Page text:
I Knew It!

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I knew it! Poets don't want to be torn apart! Maybe sometimes, maybe on whim, maybe gently, but not always, not forced.

If you haven't guessed of the poems I read, I liked "Introduction to Poetry" (74) the best because, of course, it is how I feel about analyzing lit. "...torture a confession out of it. / They begin beating it with a hose / to find out what it really means."

The poem wants us to feel its meaning, contemplate it. Maybe it doesn't have one. Does it have to have a deeper meaning? Can't we read over it briefly or "probe" it softly? If we don't find anything, why do we have to continue searching? Sometimes looking for something that isn't there. Just for a grade.



Melissa Schwenk said:

I tend to that whole over think a poem just to find something or a meaning behind it, too. Nice point.

Josie Rush said:

Ha, I had the same reaction to this poem. *I* certainly don't want my work "beat[en] with a hose." If a reader has to choose between enjoying a poem and analyzing it, I guarantee most poets would beg you to enjoy.

Jessica Orlowski said:

Well, I assume that it would be painful to be beaten by a hose so- if WE don't want to be beaten by hoses, I suppose poems dont either :)

In all seriousness, though, I agree. Enjoyment should come first. Analysis is just the icing on the cake.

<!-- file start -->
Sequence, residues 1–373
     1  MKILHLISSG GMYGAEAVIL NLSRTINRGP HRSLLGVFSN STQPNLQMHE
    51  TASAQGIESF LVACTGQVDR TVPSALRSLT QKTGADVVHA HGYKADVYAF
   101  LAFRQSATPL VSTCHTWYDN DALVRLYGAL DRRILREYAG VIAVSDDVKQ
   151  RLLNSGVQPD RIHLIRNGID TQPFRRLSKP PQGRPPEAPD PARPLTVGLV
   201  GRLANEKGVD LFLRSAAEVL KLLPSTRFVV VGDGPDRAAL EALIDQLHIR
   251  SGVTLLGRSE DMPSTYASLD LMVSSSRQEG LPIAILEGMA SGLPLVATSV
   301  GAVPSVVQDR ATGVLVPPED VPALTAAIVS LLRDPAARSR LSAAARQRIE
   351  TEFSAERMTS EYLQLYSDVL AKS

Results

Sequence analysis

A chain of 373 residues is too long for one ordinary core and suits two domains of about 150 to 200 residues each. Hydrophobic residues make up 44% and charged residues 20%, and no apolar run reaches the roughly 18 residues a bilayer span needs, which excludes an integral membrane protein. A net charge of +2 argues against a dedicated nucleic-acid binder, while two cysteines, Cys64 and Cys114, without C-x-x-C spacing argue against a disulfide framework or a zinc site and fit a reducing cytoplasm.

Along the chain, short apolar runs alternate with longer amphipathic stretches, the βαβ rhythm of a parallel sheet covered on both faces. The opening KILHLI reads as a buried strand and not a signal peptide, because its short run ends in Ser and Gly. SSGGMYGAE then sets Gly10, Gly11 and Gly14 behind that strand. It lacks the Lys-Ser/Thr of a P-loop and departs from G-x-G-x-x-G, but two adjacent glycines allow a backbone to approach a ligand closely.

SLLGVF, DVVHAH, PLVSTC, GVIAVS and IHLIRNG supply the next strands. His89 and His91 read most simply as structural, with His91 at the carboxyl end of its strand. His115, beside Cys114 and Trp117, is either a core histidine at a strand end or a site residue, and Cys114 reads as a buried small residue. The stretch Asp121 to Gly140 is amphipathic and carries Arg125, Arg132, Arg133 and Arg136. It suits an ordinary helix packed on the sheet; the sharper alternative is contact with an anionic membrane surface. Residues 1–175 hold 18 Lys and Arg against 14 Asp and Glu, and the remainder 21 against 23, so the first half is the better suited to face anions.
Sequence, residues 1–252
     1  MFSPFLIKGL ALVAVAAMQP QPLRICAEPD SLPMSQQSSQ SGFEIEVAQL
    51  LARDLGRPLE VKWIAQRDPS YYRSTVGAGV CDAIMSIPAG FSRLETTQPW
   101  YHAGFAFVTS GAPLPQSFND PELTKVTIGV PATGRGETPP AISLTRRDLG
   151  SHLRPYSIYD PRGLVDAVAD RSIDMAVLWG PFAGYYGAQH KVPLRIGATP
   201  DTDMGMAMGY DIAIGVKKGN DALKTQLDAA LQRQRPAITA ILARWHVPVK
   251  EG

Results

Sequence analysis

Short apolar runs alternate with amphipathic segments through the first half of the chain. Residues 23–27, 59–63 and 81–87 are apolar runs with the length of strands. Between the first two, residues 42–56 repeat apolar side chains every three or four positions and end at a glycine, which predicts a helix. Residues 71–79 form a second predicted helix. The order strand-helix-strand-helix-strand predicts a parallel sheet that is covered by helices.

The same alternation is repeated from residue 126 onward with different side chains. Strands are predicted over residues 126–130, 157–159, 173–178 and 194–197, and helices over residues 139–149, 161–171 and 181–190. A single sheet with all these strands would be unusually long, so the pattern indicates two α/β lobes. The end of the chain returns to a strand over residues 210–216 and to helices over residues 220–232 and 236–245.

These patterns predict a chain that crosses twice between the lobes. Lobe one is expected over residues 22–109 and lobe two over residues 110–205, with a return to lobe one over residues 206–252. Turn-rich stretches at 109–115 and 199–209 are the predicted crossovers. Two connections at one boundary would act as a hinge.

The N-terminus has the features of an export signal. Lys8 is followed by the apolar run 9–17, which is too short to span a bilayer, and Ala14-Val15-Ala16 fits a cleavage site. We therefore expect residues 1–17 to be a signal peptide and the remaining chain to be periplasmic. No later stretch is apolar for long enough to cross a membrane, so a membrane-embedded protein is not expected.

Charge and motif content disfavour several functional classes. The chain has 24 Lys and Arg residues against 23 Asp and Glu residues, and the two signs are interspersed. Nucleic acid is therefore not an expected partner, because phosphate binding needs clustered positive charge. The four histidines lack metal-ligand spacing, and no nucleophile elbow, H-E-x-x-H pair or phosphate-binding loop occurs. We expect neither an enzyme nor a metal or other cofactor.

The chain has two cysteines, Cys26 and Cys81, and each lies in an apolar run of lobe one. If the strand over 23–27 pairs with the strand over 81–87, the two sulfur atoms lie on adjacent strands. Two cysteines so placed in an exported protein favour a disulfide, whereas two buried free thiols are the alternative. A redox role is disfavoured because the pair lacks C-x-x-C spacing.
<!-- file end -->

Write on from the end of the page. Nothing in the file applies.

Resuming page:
Jessie Krehlik said:

I agree with you Aja 100 percent. Sometimes I just feel like I'm pushing too far looking for symbolism in a poem. It's like what Dr. Wendland told us back in Travel Lit, our analyses might not even be what the author was hoping for. I agree that sometimes, I'm more concerned with filling a page with analysis of symbolism that I reach so far out that even I don't believe the connections I'm coming up with.

Cody Naylor said:

Oh, Aja, I knew you'd love this one... I did too. I agree with you that I think sometimes poets just write for something cathartic to do and really don't want their work picked apart by some snotty English major who is probably just going to twist their similes and metaphors into something that is so far off from his or her original intent for the work.

Aja Hannah said:

Wow! I'm so see-through! My opinion almost doesn't even need to be stated. Though I do see the opposite side to the argument (that there are worthwhile things that can be analyzed in poems, I like the way Jess put it. Analysis is iceing on the cake. It doesn't always and shouldn't need to be beaten.

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Recent Comments

Aja Hannah on I Knew It!: Wow! I'm so see-through! My op
Cody Naylor on I Knew It!: Oh, Aja, I knew you'd love thi
Jessie Krehlik on I Knew It!: I agree with you Aja 100 perce
Jessica Orlowski on I Knew It!: Well, I assume that it would b
Josie Rush on I Knew It!: Ha, I had the same reaction to
Melissa Schwenk on I Knew It!: I tend to that whole over thin